Knicks believe they'll get it right by playoffs
Tuesday, March 22, 2011; 5:21 PM
GREENBURGH, N.Y. -- Even before needing five stitches above his left eye, Carmelo Anthony understood this could be painful.
Though the New York Knicks envisioned themselves as a dangerous team after trading for him, instead they're two games under .500 since making the deal. And the more time they spend together, the worse they've played.
A team with Anthony and Amare Stoudemire, the NBA's second-highest scoring duo, running Mike D'Antoni's system, has endured three straight subpar offensive games, and offense is supposed to be the Knicks' strong suit.
Yet as they reach the one-month anniversary of his arrival, Anthony says these struggles weren't a surprise, and he still believes there is time for the Knicks to get past them.
"That's something that I keep telling myself, I keep telling the guys on the team, that at the end of the day it's going to get to where we want it to be at. And I'm not really too concerned about that," Anthony said Tuesday after practice, his eye looking a little puffy after what he said was the first time he needed stitches.
"I'm confident in that, I'm positive about making that happen, making this whole thing work, and for the most part I know we're losing games right now, but everybody seems like their energy is up, nobody is bowing their heads and feeling sad about anything because everybody knows this wasn't going to be easy. This is a long road to get where we want to be at."
It's been much bumpier than anyone could have guessed.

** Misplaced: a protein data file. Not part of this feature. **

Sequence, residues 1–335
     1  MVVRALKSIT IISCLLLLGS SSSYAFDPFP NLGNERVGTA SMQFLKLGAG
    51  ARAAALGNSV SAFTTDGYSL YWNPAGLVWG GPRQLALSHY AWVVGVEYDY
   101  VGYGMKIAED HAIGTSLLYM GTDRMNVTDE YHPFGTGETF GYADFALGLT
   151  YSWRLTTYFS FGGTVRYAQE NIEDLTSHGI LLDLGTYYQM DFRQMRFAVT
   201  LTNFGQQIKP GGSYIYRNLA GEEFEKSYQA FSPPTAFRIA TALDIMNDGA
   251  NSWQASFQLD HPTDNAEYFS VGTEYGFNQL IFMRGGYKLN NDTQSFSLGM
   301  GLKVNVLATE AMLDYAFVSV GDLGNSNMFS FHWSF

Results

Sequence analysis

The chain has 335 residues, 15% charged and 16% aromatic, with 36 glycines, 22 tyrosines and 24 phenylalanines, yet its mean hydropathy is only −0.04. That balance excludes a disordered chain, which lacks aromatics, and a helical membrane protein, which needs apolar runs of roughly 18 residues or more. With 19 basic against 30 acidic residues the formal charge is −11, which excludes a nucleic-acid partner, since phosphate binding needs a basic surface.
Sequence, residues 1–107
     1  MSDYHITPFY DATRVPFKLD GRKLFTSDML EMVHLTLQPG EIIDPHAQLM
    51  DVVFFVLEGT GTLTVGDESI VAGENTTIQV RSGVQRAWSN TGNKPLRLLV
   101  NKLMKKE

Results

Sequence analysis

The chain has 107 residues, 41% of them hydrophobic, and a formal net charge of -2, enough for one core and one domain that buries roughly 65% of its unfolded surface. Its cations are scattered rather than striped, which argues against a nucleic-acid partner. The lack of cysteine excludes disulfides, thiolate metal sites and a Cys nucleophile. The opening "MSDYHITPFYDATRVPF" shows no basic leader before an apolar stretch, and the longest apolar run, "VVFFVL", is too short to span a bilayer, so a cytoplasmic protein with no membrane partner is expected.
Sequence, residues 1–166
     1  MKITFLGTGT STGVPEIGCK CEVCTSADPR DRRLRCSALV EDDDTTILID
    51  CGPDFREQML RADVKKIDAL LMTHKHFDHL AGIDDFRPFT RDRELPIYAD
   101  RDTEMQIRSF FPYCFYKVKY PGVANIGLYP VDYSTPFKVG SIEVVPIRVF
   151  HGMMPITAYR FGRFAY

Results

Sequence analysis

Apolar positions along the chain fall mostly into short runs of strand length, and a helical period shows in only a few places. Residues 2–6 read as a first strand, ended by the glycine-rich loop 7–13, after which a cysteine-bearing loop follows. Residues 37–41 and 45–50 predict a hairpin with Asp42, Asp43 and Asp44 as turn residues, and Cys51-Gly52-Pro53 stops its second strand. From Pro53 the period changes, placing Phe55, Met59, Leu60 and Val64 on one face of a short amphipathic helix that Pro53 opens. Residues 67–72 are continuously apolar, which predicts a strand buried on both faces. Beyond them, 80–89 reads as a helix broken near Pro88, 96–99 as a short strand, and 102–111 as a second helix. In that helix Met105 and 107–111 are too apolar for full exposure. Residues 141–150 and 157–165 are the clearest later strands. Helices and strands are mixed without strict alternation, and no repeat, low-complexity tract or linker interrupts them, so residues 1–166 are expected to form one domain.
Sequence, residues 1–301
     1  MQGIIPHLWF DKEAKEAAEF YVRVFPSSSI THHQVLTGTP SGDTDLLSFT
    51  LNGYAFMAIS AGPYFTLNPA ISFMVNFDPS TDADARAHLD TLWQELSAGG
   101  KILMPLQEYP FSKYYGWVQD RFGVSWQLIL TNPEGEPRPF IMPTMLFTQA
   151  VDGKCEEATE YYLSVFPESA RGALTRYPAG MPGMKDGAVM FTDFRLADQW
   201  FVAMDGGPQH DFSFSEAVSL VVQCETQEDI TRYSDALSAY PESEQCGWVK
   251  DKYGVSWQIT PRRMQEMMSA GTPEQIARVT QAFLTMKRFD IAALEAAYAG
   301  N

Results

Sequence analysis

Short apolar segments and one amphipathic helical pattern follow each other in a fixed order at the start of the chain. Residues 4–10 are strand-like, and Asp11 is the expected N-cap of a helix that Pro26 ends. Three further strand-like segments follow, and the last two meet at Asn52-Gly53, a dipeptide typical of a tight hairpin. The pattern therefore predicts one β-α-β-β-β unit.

New York fell to 7-9 since acquiring Anthony with Monday's 96-86 loss to the Boston Celtics, when he was cut after colliding with Rajon Rondo while trying to steal a pass. The Knicks have dropped six of seven and at 35-35, will have a losing record for the first time since November if they lose Wednesday to an Orlando team that has already beaten them twice this season.
The Knicks talked of moving up to the No. 5 seed in the Eastern Conference playoffs, but instead have fallen behind Philadelphia into seventh after they held the No. 6 spot for more than three months.
A losing record is the norm in New York this time of year, with the Knicks in a franchise-worst stretch of nine straight losing seasons. But they have bigger goals this season, and they insist those plans are still intact.
"It really boils down to do you have a choice, and we don't have a choice," Stoudemire said. "You have to get it ready for the playoffs if you want to make things special out of this year."
They have at times looked capable, rallying to beat the Heat in Miami in the third game after the trade, and blowing out likely playoff teams New Orleans and Atlanta.